Who I am: Noel Davis (@parisfitphilly)
Where I live: Northeast Philly
What I do: I’m an archaeologist and personal trainer.
I found out what an archaeologist was in third grade. It’s one of those funny stories where you’re asleep in your class and your teacher wakes you up and tells you to read something — for me, that lesson was on archaeology. I was reading about how this man became a millionaire from digging in the dirt. I love jewelry and shiny things, so I told my mother that that’s what I wanted to do.
I studied anthropology and geological science at Rutgers University–New Brunswick and abroad at Manchester University in London and on a dig excavating a Roman villa in Italy. When I was a senior at Rutgers, I took a class called osteology [the study of bones]. I fell in love with understanding the human body and discovering things about the human body that could tell us about our past. A company called URS hired me to work on the I-95 expansion project. We had to make sure the premises were clear [of scared or historic objects] before they started to do major construction. It was my first job in my field.
Then, in 2015, I was at a stoplight, and I got rear ended. My car didn’t have a lot of damage to it, but me physically, being small and being jerked by a big car…I ended up getting lower lumbar bulges in my spine. When that happened, the pressure caused nerve damage all the way down my leg.
There were points where my foot was so numb I could barely walk. It was my back pain that was pressing down so heavily. When I got tests, they said, ‘Your blood sugar’s low. Your white blood cells are low.’ We used to always drive and go to Canada, and I couldn’t sit longer than 30 minutes. That’s when the depression came. Every time I saw a car come up behind me, I tensed up. It took me years to feel comfortable in my own body again.
While all this was happening, I was told I couldn’t go back to work. I had only been in my field doing things for maybe a year or so. They had me on leave for a couple of months, and I went back thinking I would be OK. That’s when I ended up doing a project over in Lumberton Township, New Jersey, and the pain and agony I would have from digging all day…it was almost like a tightening in my back every time I would dig down and come up. There would be days where I couldn’t get out of bed. I had to call out of work until I finally understood that I couldn’t do this anymore.
It took me continuously letting my doctors know I wanted to get back to archaeology for them to say, ‘You need to start working on your core.’ Once you build your abs up, your back strength will start getting better.’ I started going to the Burlington-Riverfront YMCA in Burlington, New Jersey. I was constantly exercising and trying to rehabilitate myself. This one woman watched my entire journey and asked, ‘Are you a personal trainer? I’ve watched you being here, and I think what you’re doing is amazing.’ I said no. She said, ‘I want to get you certified.’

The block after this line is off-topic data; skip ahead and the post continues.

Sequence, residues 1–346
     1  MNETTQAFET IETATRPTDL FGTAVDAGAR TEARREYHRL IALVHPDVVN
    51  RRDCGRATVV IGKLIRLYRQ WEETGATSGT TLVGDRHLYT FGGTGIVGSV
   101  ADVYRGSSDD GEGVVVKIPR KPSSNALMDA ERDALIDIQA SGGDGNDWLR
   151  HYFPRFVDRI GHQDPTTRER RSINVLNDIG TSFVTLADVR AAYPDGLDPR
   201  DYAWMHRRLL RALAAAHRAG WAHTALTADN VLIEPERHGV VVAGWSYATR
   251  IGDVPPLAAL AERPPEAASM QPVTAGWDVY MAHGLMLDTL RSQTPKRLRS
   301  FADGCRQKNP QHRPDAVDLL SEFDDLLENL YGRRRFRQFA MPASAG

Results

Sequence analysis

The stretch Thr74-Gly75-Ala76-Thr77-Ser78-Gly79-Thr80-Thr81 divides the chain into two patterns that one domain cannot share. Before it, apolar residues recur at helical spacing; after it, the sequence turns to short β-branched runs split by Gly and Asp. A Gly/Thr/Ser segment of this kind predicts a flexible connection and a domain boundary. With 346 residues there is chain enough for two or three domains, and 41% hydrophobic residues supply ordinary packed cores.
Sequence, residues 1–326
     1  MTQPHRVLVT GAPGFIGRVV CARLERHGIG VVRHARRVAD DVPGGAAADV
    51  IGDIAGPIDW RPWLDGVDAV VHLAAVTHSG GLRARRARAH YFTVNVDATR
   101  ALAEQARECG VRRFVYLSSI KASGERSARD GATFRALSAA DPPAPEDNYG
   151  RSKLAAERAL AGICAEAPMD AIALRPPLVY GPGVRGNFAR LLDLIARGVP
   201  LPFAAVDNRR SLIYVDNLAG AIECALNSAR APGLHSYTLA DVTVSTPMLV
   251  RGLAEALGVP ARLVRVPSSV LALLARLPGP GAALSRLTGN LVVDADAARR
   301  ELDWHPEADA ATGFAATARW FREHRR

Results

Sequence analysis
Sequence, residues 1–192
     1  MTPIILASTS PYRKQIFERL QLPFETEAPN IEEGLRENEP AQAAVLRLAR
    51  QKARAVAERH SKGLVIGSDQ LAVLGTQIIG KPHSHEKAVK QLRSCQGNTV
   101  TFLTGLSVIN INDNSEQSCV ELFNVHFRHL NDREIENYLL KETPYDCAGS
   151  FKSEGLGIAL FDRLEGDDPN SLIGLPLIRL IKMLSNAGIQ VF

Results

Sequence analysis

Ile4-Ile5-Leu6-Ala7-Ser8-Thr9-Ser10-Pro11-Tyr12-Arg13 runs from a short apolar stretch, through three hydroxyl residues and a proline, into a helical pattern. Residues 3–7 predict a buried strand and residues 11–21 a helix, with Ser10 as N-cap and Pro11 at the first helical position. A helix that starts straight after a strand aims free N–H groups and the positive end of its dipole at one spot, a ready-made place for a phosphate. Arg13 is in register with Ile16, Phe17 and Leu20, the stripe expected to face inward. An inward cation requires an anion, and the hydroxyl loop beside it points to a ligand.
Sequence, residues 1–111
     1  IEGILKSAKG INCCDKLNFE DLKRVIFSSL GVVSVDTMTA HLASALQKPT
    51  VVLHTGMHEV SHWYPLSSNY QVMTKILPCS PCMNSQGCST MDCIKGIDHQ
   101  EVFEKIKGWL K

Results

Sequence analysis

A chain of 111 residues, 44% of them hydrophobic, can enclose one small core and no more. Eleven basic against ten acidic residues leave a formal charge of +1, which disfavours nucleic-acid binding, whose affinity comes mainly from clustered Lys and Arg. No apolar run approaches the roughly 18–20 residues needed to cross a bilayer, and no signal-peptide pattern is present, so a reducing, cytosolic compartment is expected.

I started working with clients to use their own bodies to rehabilitate themselves. I came out with my own line of resistance bands. Everybody wants to lift heavy weights, but they can do so much damage if you don’t know what you’re doing. With resistance training, you’re getting equivalent resistance to what you would have been lifting. The bands can go up to 175 pounds.
I use other equipment, too. There’s a stretch strap, which is usually what we use when we go to physical therapy, but it’s something more convenient for people to have while they work out. A lot of people use a sweat belt to lose weight, but it also stabilizes your back to prevent less injury while you’re doing abdominal exercises. My question is always how can we exercise while keeping our bodies safe so we can get back to where we were.
Back pain, for example, is very common. If they’re dealing with that, I’d start them with very low reps on different back exercises, like leg lifts. (When you go to physical therapy, they tell you leg lifts are very important because they help straighten the vertebrae.) Or, instead of telling somebody, ‘We’re going to do 100 push-ups, we start with five and go up to 10.’ It’s a matter of building people up slowly but surely. I start to strengthen their legs and work on posture. I even do balance tests. You don’t realize when your back is all out of whack that your balance is off.
If I have someone with a torn ACL or a knee problem, I’d maybe start them with resistance bands doing kickbacks or hip thrusters — to help build around the area before you start to attack the area. Before doing squats that I know may injure somebody, I do more leg strengthening — side kicks where you lift your leg all the way up to a side kick or kick forward rather than squatting. Once you build up leg muscle, then you can squat. Some people put a stabilizing ball behind them and do squats that way.
My oldest client right now is 87 years old, and she’s the strongest little lady I know. I have 63-year-old clients who can do three-minute planks. The body is so powerful — we just have to know how to use its powers.
What’s most important is that personal training isn’t only for losing weight or getting toned. It’s a therapeutic outlet. That’s why I’m trying to target everybody — not just the older folks, not just the young kids, but everybody as a whole. Because everyone can benefit from this.
As for me, I still have that same injury, but I don’t feel it at all — not even my leg pain. I’m so appreciative that I’ve been able to get here. I felt helpless, especially being so young when this happened to me. But now I have a whole life to live ahead of me.
Source URL: https://www.phillymag.com/be-well-philly/2019/08/27/chronic-pain/
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